Moody’s takes some pressure off Turkey

November 21, 2012

Moody’s disappointed a lot of folks this week when it failed to raise Turkey’s credit rating to investment grade.

After Fitch upped Turkey on Nov 5 into the coveted top tier, hopes were high that Moody’s would do the same and soon. Being rated investment grade by at least two agencies has a lot of pluses .  But all the subsequent investment inflows have side effects and one of them is currency appreciation.  Check out these graphs. (click to enlarge)

The currency has been a headache for Turkey’s central bank for a while now. Back in 2010, lira appreciation was the motivation for embarking on an unorthodox monetary policy.  This year in nominal terms the lira has gained just over 5 percent against the dollar, as Turkish stocks and bonds, among the best performers in the world in 2012, have lured foreigners.

But other currencies, such as the Polish zloty and Mexican peso, have appreciated more. Turkey’s main problem is the real effective exchange rate (REER) which the central bank is focusing on. In real terms, against the currencies of its trade partners and adjusted for inflation, the lira has risen more than 7 percent to the highest in almost two years . That’s because the country’s inflation rate until recently was almost in double digits.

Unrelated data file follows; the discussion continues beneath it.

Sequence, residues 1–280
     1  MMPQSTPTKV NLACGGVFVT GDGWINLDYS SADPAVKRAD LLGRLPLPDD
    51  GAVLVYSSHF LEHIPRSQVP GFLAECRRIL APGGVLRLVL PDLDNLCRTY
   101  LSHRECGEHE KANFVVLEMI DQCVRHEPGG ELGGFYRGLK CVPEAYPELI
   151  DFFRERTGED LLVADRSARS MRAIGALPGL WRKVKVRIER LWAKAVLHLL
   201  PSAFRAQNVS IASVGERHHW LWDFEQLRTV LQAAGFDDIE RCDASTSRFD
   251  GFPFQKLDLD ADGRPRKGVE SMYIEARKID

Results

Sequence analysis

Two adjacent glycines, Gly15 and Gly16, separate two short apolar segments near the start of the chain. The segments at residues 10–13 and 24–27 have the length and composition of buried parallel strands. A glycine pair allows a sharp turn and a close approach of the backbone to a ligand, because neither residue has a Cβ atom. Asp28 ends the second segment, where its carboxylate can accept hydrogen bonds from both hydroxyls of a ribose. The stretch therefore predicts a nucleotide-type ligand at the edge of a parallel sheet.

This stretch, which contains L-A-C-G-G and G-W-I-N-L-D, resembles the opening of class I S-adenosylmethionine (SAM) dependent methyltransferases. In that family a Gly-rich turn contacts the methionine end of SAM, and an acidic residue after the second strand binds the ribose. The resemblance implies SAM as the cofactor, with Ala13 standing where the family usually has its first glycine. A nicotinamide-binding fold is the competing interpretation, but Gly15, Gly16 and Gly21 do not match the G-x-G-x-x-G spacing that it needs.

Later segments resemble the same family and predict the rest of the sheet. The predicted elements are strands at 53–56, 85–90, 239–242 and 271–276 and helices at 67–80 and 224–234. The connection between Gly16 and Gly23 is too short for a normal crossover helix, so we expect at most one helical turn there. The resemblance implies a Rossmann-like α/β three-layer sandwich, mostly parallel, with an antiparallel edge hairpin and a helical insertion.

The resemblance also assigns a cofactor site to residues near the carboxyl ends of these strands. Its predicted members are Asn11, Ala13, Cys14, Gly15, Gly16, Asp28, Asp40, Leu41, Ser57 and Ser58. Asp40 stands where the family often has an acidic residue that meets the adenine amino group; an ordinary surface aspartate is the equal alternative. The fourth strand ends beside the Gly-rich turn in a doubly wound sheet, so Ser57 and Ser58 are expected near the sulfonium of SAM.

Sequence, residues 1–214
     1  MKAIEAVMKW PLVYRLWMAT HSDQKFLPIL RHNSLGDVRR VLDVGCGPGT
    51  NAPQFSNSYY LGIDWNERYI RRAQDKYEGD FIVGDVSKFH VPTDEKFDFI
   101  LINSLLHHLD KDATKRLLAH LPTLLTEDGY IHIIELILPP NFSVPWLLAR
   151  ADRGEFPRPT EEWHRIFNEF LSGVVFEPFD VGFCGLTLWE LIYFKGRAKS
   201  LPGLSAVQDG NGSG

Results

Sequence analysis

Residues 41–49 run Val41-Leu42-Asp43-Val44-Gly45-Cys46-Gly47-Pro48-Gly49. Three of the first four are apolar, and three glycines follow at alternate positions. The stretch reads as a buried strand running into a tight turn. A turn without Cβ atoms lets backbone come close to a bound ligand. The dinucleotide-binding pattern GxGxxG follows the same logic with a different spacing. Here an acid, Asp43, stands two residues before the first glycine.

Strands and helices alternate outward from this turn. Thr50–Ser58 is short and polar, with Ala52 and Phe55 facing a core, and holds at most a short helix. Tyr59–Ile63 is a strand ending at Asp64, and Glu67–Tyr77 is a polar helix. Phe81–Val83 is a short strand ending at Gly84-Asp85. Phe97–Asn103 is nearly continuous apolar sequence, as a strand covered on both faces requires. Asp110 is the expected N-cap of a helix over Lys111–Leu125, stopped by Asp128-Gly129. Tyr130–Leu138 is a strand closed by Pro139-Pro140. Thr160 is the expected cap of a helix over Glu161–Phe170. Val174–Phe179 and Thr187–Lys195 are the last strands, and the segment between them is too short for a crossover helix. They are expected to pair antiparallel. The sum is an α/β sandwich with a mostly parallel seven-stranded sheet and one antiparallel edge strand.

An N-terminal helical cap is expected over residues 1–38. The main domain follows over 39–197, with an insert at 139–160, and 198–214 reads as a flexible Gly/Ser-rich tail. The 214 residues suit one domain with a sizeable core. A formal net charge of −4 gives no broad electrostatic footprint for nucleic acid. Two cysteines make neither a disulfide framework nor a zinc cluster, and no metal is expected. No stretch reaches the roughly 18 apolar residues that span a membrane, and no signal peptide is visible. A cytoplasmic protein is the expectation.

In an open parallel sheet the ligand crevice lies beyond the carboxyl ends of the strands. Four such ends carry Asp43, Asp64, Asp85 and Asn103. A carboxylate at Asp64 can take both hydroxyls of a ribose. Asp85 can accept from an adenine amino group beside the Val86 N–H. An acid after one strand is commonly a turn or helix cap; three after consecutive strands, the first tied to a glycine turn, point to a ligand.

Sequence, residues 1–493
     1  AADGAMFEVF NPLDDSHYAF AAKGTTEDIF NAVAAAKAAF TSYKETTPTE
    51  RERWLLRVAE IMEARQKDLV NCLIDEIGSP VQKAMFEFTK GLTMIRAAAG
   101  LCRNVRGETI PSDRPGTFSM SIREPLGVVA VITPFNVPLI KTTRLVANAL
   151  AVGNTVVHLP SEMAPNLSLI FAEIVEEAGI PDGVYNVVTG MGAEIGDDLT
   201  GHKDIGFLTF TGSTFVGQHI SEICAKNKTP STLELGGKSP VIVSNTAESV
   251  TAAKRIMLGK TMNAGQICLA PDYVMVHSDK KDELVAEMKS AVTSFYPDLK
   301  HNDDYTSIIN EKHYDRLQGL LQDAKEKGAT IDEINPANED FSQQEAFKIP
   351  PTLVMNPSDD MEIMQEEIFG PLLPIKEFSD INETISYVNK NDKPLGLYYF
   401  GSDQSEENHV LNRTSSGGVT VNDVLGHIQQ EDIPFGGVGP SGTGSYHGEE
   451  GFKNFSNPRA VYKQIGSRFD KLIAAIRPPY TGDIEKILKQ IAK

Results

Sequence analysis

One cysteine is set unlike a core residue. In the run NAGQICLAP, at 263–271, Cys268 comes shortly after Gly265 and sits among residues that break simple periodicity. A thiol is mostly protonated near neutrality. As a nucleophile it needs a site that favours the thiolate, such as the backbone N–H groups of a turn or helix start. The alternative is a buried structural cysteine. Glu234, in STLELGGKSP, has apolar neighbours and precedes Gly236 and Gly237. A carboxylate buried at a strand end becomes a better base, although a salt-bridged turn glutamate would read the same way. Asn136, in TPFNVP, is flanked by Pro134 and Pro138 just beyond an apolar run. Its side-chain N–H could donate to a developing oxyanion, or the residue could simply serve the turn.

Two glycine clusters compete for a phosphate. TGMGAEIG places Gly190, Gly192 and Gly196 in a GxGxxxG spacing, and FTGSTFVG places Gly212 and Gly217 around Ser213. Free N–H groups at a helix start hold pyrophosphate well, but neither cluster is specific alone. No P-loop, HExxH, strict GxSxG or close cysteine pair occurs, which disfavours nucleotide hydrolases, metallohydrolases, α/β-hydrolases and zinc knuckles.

Caught between inflation and the lira, the central bank must walk a fine line on monetary policy. Murat Toprak, an emerging markets strategist at HSBC, says:

The central bank is in a situation when it has to manage an inflation rate that is above target so they have to make sure the lira doesn’t weaken dramatically. What they want is a slightly weaker currency to gain competitiveness but not a much weaker currency. We are not at 2010, when the policy was really to weaken the currency. Today they are saying what they fear is a further appreciation of the lira on the back of the upgrade.

So an upgrade from Moody’s this week would have piled more pressure on the bank.  It got away at yesterday’s policy meeting by cutting only one of its policy rates and threatening more if needed.

According to Tim Ash at Standard Bank:

In a strange way the delay by Moody’s kind of helps the central bank in terms of managing inflows and over-appreciation of the exchange rate.

So will more rate cuts happen in December?  A Moody’s upgrade is likely only next year now. Central bank action until then hinges on first, whether portfolio flows keep coming in and second, whether inflation eases and slows the REER appreciation.


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